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Publisher's Note:  

A drowning, a magician’s curse, and a centuries-old secret.


1537. A man hurries through city streets in a gathering snowstorm, clutching a box in one hand. He is Johann Faust, the greatest magician of his age. The box he carries contains a mirror safeguarding a portion of his soul and a small ring containing all the magic in the world. Together, they comprise something unimaginably dangerous.

 

London, the present day. Fifteen-year-old Gavin Stokes is boarding a train to the countryside to live with his aunt. His school and his parents can’t cope with him and the things he sees, things they tell him don’t really exist. At Pendurra, Gavin finds people who are like him, who see things too. They all make the same strange claim: magic exists, it’s leaking back into our world, and it’s bringing something terrible with it.

 

First in an astonishingly imaginative fantasy trilogy, Advent describes how magic was lost to humanity, and how a fifteen-year-old boy discovers that its return is his inheritance. It begins in a world recognizably our own, and ends an extraordinarily long way from where it started—somewhere much bigger, stranger, and richer.



Advent: A Novel

by James Treadwell

Review Date:
08/20/2012

Recommended Age:
18+

Overall Rating:
***1/2

Profanity / Language Rating:
********

Violence / Gore Rating:
***

Sex / Nudity Rating:
*****

Overall Review:  

James Treadwell's book, Advent, deals with what all fantasy readers have thought about at one time or another--the return of magic to our world.  Through the course of the book, the reader will find that magic may not be all fairy dust and magic potions, but more of a living thing that has a dark side as well.  Treadwell has given magic its own life force so that one could actually consider magic a character in the story.

 

Treadwell's use of language to tell his story is quite impressive.  The language is in-depth and descriptive, and not just the imagery of physical settings--he also does an excellent job describing characters.  The way a character looks, feels and acts is very clear and makes the reader feel as though they may know these people or someone like them.  However, Treadwell's superb use of language sometimes causes the pace of the story to suffer.  It seems as though the author wants us to really see how all these characters develop and what their backgrounds are, but won't let them interact in a way that enhances the pace of the story.  The first 270 pages of the book were sometimes so slow and left much for the reader to guess on how it was all coming together that I almost didn't finish the book.  That being said the last 200 pages are brilliant, exciting, and creative.  Read the book, there is more to come and the start seems promising. 


Content Analysis:  

Language/Profanity: 15 religious exclamations; 3 mild obscenities; 12 religious profanities; 6 scatological words; 4 anatomical terms; 7 F-word derivatives.  The book also used British slang that may be considered profanity, i.e. bloody, fecking.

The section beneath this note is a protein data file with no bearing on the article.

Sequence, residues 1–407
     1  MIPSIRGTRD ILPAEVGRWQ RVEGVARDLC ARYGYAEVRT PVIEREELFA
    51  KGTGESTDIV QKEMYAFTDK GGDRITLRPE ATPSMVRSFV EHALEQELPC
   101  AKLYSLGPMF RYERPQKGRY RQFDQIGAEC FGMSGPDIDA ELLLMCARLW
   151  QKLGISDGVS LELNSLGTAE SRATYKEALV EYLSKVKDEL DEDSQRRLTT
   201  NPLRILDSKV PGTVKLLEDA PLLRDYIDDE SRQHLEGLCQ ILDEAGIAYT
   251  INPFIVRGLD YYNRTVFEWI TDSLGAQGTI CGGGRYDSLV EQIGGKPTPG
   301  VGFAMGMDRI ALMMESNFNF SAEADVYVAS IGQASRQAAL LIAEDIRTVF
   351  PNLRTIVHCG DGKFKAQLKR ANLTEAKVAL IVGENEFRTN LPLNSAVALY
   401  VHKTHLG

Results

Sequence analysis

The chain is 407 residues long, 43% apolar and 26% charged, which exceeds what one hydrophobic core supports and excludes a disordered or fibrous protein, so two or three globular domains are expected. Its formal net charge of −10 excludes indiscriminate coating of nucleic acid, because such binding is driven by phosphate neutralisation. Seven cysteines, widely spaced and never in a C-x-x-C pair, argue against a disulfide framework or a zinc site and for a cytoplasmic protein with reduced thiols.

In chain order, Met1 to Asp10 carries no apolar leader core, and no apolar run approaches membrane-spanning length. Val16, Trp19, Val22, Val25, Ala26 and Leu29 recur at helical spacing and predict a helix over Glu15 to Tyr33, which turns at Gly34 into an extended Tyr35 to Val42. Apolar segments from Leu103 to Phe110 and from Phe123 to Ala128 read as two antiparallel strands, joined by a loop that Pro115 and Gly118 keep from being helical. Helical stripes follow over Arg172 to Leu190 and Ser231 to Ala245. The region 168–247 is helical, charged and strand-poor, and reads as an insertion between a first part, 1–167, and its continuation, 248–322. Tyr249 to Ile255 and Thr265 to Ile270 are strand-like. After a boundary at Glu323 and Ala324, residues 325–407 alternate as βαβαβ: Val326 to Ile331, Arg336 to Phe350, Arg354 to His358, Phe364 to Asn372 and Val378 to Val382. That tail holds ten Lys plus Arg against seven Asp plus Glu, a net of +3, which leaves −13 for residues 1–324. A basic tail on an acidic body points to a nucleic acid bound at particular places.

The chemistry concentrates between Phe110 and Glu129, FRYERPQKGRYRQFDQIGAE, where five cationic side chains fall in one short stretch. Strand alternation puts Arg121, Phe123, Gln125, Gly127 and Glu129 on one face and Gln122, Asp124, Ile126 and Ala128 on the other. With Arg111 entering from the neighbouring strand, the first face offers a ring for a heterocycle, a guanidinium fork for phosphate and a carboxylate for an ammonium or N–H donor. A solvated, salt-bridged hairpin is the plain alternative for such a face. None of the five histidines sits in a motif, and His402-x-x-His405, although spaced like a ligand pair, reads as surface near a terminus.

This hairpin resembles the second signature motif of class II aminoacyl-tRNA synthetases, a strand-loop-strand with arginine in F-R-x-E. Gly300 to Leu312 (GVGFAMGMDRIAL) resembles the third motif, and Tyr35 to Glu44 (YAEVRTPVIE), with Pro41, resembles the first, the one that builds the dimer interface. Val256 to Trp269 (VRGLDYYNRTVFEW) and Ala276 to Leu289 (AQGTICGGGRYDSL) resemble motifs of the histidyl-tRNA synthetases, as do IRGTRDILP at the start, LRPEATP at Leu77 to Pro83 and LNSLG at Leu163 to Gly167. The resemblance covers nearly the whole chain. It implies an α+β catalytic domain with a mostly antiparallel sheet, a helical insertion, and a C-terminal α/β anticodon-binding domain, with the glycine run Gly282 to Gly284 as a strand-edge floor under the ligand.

Violence/Gore:  One reference to physical abuse of a child and physical abuse of a girlfriend; mythical creatures fight and destroy property; character is killed by a fire breathing dog-like mythical creature that snaps the characters neck, non-detailed violent death; character is chased and fights with tree-like mythical creature, scary scene with destruction of property; few threats to hunt down and kill characters;  scary scene with character trapped in a dark cathedral with mythical creature;  throughout the beginning of the book character encounters the "ghost" that has followed him his whole life, the "ghost" is not exactly scary as it is an element of unknown (the ghost does communicate with character at unexpected times and is scary on one occasion); character is visited by what he thinks is a zombie girl; character has scary encounters with a possessed character that he knew previous to possession;  the end of the book is an extended chase scene that is scary most of the time and ends with a character left for dead sinking into a river.  During chase, characters fight with mythical creatures mentioned above and are injured by magic.

 

Sex/Nudity: Characters kiss to try to undo a spell; reunited wife and husband kiss and hug; some of the mythical creatures are naked, non-detailed or sexual in nature; 15 year old male character seems to have a "crush" on 13 year old female character--a romantic relationship is never explored or giving any details; one reference to pornography and implied masterbation; a character's plan to get out of poverty involves her developing body, she also mentions the possibility of sexual abuse, non-detailed/non-graphic.



Mature Subject Matter:  

Death of family member; poverty; mental health issues; separation of parent and child; divorce; physical and sexual child abuse; un-wed pregnancy, unknown father; witchcraft/magic; religious references to the end of the world; parental neglect.



Alcohol / Drug Use:  

One character is described as an alcoholic and the neglect of the family is described.  No characters actually engage in drinking or drugs.



Reviewed By Matthew
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